Sprague is always willing to call it a wrap when the surf’s up.
Local jazz guitarist Peter Sprague is putting the finishing touches on two recordings set for summer release on his SBE Records label.
“SBE stands for striving-to-break even,” Sprague informs me during a tour of his Encinitas recording studio. “We’re not trying to achieve ‘hit-record’ status. My objective is to keep the costs low, release a product I’m happy with, and make just enough bread to break even, so I can do it again.”
Sprague had the studio custom-built — there are no parallel walls anywhere; there’s a large group-recording main room, a piano room, and several smaller booths. You can see the Pacific Ocean from his second-story window, which is important to Sprague, a devoted surfer who is always game to adjust his schedule should the waves look inviting.
Spragueland studios has recorded many local musicians — there are hundreds of releases on the label’s imprint. “I record my own music but also a lot of other people’s music. They will hire me to help produce, play, and record them,” says Sprague, sitting at the mixing console stroking a ten-year-old Chihuahua. “But, since the economy turned, I have more free time, which I kind of like. It allows me to tour and work on my own projects.”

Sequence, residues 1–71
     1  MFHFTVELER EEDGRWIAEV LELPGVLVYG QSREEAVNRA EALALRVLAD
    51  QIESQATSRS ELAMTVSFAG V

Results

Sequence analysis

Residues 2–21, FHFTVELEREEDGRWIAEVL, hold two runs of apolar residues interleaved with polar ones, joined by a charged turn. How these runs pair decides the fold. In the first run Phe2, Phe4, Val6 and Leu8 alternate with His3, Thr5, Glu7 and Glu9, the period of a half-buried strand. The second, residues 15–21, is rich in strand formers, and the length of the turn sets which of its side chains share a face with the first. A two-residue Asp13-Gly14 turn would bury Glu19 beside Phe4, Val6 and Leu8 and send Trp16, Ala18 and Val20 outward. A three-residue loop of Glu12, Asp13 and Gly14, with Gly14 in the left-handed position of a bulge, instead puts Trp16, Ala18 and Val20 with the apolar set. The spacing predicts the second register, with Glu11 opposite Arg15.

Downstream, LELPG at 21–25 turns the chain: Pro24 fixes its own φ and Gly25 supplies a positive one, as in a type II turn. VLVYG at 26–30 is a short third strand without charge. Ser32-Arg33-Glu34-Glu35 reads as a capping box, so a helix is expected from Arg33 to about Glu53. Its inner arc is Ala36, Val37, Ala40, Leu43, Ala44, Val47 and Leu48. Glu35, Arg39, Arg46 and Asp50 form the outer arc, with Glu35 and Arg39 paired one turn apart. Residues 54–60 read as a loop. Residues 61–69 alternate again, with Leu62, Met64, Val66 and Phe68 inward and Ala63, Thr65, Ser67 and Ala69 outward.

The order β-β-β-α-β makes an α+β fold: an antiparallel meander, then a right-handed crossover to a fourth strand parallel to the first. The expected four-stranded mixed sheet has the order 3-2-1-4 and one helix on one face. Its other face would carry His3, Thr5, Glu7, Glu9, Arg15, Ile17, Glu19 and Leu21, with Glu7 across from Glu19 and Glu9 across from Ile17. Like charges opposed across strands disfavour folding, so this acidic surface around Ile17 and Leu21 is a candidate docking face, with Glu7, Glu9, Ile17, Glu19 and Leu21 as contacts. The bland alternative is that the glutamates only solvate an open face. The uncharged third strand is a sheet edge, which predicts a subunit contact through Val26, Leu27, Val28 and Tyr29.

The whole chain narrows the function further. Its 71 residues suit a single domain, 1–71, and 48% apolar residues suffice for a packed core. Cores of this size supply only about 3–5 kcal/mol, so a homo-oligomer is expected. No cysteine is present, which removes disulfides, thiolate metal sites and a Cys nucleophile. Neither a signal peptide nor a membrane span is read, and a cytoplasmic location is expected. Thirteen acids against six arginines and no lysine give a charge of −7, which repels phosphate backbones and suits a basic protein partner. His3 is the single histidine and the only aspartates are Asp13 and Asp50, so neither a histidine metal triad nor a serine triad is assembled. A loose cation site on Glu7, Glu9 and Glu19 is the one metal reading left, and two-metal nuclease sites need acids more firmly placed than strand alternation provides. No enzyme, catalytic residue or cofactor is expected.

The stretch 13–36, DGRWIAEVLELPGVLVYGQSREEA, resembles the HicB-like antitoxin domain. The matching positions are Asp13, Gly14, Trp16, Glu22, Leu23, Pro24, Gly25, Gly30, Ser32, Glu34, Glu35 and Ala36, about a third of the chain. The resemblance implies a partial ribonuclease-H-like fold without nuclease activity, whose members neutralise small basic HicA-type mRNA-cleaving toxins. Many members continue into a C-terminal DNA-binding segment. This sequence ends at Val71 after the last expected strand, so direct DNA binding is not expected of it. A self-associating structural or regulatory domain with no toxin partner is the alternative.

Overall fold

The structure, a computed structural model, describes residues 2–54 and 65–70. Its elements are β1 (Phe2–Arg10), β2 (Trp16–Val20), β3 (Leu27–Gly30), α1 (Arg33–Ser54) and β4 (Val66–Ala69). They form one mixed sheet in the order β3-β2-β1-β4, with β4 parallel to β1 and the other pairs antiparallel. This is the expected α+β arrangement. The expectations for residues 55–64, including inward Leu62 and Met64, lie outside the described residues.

These latest projects include a reunion album with the collective ensemble he began in the ’80s, Road Work Ahead, and his Chamber Music America–sponsored composition, Dr. Einstein’s Spin, featuring Sprague’s String Consort.
The Road Work Ahead disc is their first in five years and includes compositions by all four members — pianist Bill Mays, bassist Bob Magnusson, and drummer Jim Plank.
“We got together again, and we did this tour — we traveled in a van to San Francisco — and we mostly pulled new music for the tour. So, at the end, we marked off a couple of days and decided to record it. It’s all mixed now and we’re just working on the cover. It’s probably going to be out in a few months.
“The other project, the String Consort, we have one more day for the strings to come in and record some fixes, mostly pitch issues.”
Sprague began his recording career in the late ’70s, with several releases on the Xanadu label (The Path, Message Sent On the Wind, Bird Raga), before moving to the larger Concord Jazz Records, for which he released Musica Del Mar and Na Pali Coast. He has since acquired the rights to all of his albums and made them available via SBE.
In addition to jazz, Spragueland’s available to record everything from classical to punk.